O’Grady also discussed the differences in the solar proportions attributed to the different role it plays (Fig.3)
Fig.3 The shape of the hind is designed to provide traction and enable efficient propulsion primarily. The widest point of the foot is located more palmerly in the hind.
So we have established that the parameters for ideal fore and hind limb hoof conformations may not be the same, therefore comparing the hinds to the fronts to establish what is correct is probably not advisable especially considering their different roles in locomotion, however when it comes to dorso-palmer balance a NPA does predispose to higher pathologies as it would in the front and shoeing to address this conformation will have a remedial effect. An established external reference marker for assessing hind hoof conformation is the coronet trajectory which should fall around the knee of the fore limb, hinds with NPA will often have a trajectory much higher than this, again an example will be shown in one of the following case studies.
Fig.4 Typical hoof conformation and stance of NPA, low crushed heels and a stood under stance. This horse had SI pathology and kissing spine, as well as proximal suspensory desmitis, expressing the link mentioned by the above studies but which caused which?
Fig.5 radiography clearly showed a NPA
Fig.6 Duo ellipse hind (Advocated and principles of which taught to the author by Mark Caldwell and available from the shoeing lab.) fitted to provide elevation while channelling the point of force trajectory away from the compromised structures.
Fig.7 The external geometrics looked improved.
Fig.8 HL / cosine AE = LH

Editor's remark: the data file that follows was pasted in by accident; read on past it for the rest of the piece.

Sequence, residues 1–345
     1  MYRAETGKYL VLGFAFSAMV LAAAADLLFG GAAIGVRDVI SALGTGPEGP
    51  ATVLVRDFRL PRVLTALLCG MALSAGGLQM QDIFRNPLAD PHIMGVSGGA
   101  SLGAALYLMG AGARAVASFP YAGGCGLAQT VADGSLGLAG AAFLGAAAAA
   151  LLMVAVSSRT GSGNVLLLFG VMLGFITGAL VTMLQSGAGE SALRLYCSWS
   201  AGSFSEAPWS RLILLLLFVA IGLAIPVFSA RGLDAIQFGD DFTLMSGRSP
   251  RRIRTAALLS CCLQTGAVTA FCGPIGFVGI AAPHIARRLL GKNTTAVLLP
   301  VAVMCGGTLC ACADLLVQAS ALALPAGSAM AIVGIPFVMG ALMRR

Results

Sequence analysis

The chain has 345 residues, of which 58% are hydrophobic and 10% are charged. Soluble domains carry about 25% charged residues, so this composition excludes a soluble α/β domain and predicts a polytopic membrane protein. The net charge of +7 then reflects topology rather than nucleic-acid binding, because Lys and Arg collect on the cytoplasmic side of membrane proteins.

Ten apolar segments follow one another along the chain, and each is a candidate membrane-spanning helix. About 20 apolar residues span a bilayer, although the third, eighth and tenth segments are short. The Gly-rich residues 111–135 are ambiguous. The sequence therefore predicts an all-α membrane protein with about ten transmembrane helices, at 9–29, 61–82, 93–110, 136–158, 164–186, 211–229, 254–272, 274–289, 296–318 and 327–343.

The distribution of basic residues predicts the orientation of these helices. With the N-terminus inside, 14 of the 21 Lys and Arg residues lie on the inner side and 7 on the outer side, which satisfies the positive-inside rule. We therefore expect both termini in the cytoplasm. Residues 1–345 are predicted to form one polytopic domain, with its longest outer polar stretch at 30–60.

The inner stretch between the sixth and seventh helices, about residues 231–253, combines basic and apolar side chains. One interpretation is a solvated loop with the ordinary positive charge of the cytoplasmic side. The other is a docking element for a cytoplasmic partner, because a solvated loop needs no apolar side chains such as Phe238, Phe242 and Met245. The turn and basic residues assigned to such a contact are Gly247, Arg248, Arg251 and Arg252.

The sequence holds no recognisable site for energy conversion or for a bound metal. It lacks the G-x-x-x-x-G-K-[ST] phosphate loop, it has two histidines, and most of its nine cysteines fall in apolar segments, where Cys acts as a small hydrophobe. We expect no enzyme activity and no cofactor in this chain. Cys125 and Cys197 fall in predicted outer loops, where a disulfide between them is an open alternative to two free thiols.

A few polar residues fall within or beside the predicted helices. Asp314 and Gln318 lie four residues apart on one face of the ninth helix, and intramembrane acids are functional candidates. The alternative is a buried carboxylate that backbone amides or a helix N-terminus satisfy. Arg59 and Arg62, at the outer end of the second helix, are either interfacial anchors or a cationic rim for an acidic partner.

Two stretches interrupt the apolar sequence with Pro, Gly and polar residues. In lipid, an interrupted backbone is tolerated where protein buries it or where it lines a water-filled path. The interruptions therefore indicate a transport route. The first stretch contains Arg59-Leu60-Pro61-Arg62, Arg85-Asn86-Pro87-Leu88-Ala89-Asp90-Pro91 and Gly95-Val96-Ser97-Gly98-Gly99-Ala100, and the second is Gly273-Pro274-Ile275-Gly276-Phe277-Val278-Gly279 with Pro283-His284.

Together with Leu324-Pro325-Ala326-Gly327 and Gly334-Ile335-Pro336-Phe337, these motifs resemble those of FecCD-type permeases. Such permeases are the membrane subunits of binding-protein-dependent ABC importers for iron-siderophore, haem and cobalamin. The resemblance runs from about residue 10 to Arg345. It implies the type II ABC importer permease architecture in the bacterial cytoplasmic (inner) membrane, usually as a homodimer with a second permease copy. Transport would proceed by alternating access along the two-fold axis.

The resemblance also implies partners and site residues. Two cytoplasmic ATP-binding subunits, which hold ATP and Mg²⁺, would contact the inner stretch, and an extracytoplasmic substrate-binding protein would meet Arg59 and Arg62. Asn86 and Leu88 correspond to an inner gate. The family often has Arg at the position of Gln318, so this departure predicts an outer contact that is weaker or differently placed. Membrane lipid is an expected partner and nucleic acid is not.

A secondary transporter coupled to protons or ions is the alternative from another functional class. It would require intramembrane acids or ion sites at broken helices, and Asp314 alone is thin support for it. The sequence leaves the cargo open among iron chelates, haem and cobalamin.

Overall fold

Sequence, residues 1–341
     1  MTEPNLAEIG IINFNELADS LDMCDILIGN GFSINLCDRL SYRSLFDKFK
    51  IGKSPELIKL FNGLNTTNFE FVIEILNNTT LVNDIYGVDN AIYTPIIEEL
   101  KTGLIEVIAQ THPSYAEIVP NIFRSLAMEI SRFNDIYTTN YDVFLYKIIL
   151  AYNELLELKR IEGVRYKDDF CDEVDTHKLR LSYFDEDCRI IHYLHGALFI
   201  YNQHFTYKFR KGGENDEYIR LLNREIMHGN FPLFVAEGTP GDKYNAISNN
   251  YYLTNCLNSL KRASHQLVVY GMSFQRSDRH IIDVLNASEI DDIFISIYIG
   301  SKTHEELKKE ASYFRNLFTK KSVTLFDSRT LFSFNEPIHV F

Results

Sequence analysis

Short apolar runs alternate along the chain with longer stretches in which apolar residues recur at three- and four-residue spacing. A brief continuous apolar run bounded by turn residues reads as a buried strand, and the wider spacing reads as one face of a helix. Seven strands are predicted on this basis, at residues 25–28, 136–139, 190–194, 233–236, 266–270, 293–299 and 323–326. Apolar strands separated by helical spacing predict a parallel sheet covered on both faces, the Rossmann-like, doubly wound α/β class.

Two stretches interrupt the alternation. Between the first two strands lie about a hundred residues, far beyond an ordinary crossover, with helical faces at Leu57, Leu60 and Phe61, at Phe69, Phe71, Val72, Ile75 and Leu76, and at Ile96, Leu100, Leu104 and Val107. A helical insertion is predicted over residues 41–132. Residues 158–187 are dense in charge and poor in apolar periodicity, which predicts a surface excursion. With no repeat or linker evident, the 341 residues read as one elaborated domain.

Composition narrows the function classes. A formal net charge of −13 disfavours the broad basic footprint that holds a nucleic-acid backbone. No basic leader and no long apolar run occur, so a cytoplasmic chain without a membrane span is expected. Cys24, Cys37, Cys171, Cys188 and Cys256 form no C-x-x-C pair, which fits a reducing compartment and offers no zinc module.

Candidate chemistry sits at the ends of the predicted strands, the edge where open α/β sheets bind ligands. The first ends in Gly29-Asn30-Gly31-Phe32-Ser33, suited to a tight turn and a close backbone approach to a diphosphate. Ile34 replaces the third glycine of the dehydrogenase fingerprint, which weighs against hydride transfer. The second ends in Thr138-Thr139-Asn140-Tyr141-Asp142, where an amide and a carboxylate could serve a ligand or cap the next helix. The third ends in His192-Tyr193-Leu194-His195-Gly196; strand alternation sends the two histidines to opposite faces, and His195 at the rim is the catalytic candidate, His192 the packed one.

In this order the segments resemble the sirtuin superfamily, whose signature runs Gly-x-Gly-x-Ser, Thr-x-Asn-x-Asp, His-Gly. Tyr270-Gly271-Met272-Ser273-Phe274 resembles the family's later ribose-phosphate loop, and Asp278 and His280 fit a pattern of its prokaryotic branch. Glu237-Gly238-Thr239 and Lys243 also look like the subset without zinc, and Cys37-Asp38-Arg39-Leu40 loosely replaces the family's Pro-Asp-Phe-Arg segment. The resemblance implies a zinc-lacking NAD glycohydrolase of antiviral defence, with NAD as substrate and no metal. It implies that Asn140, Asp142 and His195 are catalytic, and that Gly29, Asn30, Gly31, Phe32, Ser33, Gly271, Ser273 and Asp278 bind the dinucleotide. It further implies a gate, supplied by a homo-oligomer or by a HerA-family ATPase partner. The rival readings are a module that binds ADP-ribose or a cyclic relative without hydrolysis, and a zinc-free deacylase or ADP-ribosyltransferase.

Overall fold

Fig.9 The change in stance from the shoeing application.
This case exhibited the stance highlighted in Mannsman et al (2010), the horse preferred to stand far under himself to relieve the higher pathologies, but in doing so he was crushing his heels, the author sought veterinary intervention to establish related pathologies and the horse was treated for SI and kissing spine at the same time as the shoeing was changed, as its important to appreciate that there is still a chicken and egg situation when it comes to whether the higher pathologies cause the conformation or vice versa, (read my article on disordered physiology and hoof morphology). Fig.9 clearly shows the change in stance achieved by addressing the geometric proportions of the hoof, the author hopes to see continued improvement as we have in Fig.11-13, the second shoeing, in the coronet trajectory over time (shown with the yellow line).
Fig.10 Shows the radiographic improvement of the pedal angle from -9 degrees to neutral after the first shoeing, the second shoeing will look to further improve this.